[Fontinst] Re-encoded ligatures and searching

Adrian Heathcote adrian.heathcote at arts.usyd.edu.au
Thu Oct 21 13:35:21 CEST 2004


this issue of renaming badly named glyphs is well covered in Alan 
Hoenig's TeX Unbound (see Amazon). He discusses there how to solve this 
problem with Bernhard Modern (I think it was).

Good luck

Adrian Heathcote

On 21/10/2004, at 3:26 AM, Jonathan Sprinkle wrote:

>>> I have a font created by Goudy for the University of California
>>> identify in the 1930s, and encoded as a TTF by Beatty
>> designs in 1995.
>>> The trouble is, Beatty designs is a bunch of hacks when it
>> comes to encoding the font.
>> In short: just get rid of questionable TTFs and go directly
>> to the original source in one of the major libraries (Linotype, Adobe,
>> Agfa/Monotype) and get a bonafide Type1 font set.
> Hmmmm. :) Unfortunately, as you can see from my e-mail suffix, the font
> choice is somewhat limited to the resources that I have--i.e., I need 
> to use
> the UniversityOS (as it's named) font because I am designing things 
> for the
> identity of UC Berkeley. ;)
> The font itself ships with TTFs, as well as the AFMs and PFBs that 
> actually
> use the same encoding as the TTFs (i.e., the TTFs are the originals, 
> and
> their lousy encoding goes over to the type1 definitions as well).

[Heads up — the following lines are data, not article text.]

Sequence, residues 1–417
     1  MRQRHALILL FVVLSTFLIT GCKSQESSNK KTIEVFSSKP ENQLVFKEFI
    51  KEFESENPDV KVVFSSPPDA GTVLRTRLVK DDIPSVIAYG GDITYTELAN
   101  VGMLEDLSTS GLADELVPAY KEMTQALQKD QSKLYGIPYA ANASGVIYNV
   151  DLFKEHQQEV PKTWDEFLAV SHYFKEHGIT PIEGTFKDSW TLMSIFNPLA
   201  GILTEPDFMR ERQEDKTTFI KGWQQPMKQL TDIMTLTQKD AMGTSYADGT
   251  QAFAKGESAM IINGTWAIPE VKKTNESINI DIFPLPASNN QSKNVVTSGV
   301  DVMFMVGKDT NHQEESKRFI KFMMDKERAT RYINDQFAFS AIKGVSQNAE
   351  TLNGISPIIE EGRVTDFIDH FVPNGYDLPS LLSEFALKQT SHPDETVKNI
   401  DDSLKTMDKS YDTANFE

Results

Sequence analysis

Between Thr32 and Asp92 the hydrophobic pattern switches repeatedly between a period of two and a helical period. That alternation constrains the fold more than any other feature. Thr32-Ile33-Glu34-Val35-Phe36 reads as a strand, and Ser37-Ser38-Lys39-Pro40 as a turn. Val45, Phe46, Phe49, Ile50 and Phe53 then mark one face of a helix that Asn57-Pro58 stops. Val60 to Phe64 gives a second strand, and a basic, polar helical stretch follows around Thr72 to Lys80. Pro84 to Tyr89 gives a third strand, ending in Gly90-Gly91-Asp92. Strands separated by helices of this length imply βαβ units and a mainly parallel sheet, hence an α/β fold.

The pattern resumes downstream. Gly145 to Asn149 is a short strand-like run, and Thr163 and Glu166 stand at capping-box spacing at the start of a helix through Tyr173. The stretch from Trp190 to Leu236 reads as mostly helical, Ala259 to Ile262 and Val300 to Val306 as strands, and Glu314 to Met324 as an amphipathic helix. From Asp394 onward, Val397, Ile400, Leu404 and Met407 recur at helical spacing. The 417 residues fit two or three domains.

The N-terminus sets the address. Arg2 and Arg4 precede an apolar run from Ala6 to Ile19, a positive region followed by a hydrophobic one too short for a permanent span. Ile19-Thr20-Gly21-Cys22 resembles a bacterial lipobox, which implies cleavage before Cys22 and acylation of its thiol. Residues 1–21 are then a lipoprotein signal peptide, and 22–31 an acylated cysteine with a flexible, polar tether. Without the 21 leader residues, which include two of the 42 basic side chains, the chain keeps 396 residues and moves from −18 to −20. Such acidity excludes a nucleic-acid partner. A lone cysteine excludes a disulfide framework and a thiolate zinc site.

>> If you need the special design of the font in question and
>> there is no good source you can try to make a Type1 first and
>> rename characters with more or less comfortable tools. For
>> Type1 you could even as a last resort use t1disasm and rename
>> manually all the MAc-made mess.
> I was not familiar with this program, but it seems to be what I need, 
> if
> there is no way to 'fix' this problem without re-encoding.
> My concern, though, is that since this is a copyright'd font perhaps I 
> am
> violating the copyright by performing this re-encoding.
>> It might look like a big expense to actually purchase good
>> fonts but given the time and trouble it takes to "repair" a
>> mess my recomendation is to go the clean way. My guess is
>> that will pay off quite fast and you can concentrate on
>> contents instead on bugs of bad tools. No other software
>> lasts as long as font programs!
> I totally agree. :) Of course, when given dirty fonts, why is it 
> difficult
> to fix the problems? For expert encodings, it seems that the ligatures 
> map
> well--is this because they are correctly mapped in the expert raw font?
> Any advice or ideas appreciated,
> Jonathan
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